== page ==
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Georgia’s Bold Move: Senate Bill 386 Aims to Legalize Sports Betting Without Amendment



Georgia’s Legislative Leap: Senate Bill 386 Eyes Sports Betting Legalization

In a significant development for Georgia’s gambling landscape, Senate Bill 386 (SB 386) has been introduced to legalize sports betting without necessitating a constitutional amendment. This bipartisan initiative, supported by key legislators and professional sports teams, represents a potential paradigm shift in the state’s approach to sports gambling.

Strategic Approach to Sports Betting Legislation

SB 386, spearheaded by Sen. Clint Dixon and endorsed by Lt. Gov. Burt Jones, proposes treating sports betting akin to a lottery game. This inventive strategy aims to circumvent the need for a constitutional amendment referendum, traditionally requiring a two-thirds legislative majority and voter approval.

Operational Framework Under SB 386

The bill outlines a framework for issuing 16 sports betting licenses, with beneficiaries ranging from Georgia’s professional sports teams to owners of car racetracks and professional golf tournaments. The Georgia Lottery Corporation is poised to play a central role, holding one license and issuing the remaining seven for an annual fee of $1 million. A 15% tax on sports betting revenue is also proposed.

Legal and Ethical Considerations

The bill faces legal and ethical scrutiny, particularly regarding its approach to bypassing a constitutional amendment. Critics, including the Georgia Baptist Mission Board, question the bill’s attempt to sidestep voter involvement in sports betting legalization. The potential for gambling addiction remains a contentious issue.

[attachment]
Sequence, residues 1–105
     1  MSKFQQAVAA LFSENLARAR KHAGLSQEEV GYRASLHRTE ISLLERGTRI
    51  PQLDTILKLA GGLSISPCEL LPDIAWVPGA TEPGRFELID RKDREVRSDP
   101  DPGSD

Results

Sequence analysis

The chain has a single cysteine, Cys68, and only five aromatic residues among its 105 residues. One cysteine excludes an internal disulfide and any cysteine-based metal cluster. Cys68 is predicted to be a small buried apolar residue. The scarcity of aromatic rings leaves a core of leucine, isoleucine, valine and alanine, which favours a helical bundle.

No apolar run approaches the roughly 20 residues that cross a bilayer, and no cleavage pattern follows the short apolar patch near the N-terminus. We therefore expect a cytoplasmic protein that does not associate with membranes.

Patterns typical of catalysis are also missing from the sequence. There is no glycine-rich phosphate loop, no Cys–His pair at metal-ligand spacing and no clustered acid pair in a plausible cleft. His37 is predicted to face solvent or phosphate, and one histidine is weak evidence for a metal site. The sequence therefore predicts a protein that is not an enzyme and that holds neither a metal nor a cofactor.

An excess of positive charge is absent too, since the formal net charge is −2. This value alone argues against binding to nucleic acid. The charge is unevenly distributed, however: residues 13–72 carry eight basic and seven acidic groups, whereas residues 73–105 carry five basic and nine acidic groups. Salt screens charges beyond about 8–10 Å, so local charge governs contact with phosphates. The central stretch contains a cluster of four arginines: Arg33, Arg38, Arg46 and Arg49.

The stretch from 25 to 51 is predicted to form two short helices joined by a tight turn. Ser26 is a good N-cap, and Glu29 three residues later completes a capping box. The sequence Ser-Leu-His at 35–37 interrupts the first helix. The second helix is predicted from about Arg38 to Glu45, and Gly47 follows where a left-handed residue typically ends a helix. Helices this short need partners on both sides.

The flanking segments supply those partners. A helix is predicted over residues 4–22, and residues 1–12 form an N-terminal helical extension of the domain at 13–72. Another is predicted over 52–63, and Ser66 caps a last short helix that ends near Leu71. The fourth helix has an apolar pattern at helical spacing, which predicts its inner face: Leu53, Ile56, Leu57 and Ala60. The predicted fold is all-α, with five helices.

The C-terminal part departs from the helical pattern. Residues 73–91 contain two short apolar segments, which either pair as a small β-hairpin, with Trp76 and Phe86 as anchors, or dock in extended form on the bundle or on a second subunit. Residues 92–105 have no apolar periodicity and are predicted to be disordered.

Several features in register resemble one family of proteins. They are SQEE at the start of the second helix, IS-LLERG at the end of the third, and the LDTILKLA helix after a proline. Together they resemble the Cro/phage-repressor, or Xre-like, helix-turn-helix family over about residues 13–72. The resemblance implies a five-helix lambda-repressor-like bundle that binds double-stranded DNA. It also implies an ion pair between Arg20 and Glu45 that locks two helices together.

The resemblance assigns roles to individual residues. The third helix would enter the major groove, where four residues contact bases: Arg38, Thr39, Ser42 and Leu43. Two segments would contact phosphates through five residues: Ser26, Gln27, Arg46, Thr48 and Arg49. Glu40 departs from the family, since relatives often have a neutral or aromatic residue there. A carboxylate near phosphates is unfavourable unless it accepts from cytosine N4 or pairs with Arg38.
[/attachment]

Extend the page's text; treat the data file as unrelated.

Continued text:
Contrasting Legislative Proposals

Sen. Bill Cowsert’s SB 172 presents a contrasting legislative approach, advocating for a Georgia Sports Betting Commission and requiring a constitutional amendment. Cowsert’s bill details two types of licenses and proposes funding scholarships and addiction treatment programs, highlighting the diversity of perspectives within the legislature.

The National and State Context of Sports Betting

The push for legal sports betting in Georgia gains context from the national trend following the U.S. Supreme Court’s 2018 decision to overturn a federal ban on sports betting. Over 30 states have since legalized sports betting. However, previous sessions in Georgia have seen failed attempts to legalize various forms of gambling, reflecting the state’s complex and divided stance on the issue.


Senate Bill 386 represents a pivotal moment in Georgia’s ongoing debate over sports betting legalization. By proposing an innovative legislative approach, the bill has sparked discussions on the legal, ethical, and economic aspects of sports gambling. As Georgia navigates these complex issues, SB 386 could potentially redefine the state’s gambling landscape, balancing regulatory concerns with the burgeoning popularity of sports betting.


Jerome, a valuable addition to the Gamingo.News team, brings with him extensive journalistic experience in the iGaming sector. His interest in the industry was sparked during his college years when he participated in local poker tournaments, eventually leading to his exposure to the burgeoning world of online poker and casino rooms. Jerome now utilizes his accumulated knowledge to fuel his passion for journalism, providing the team with the latest online scoops.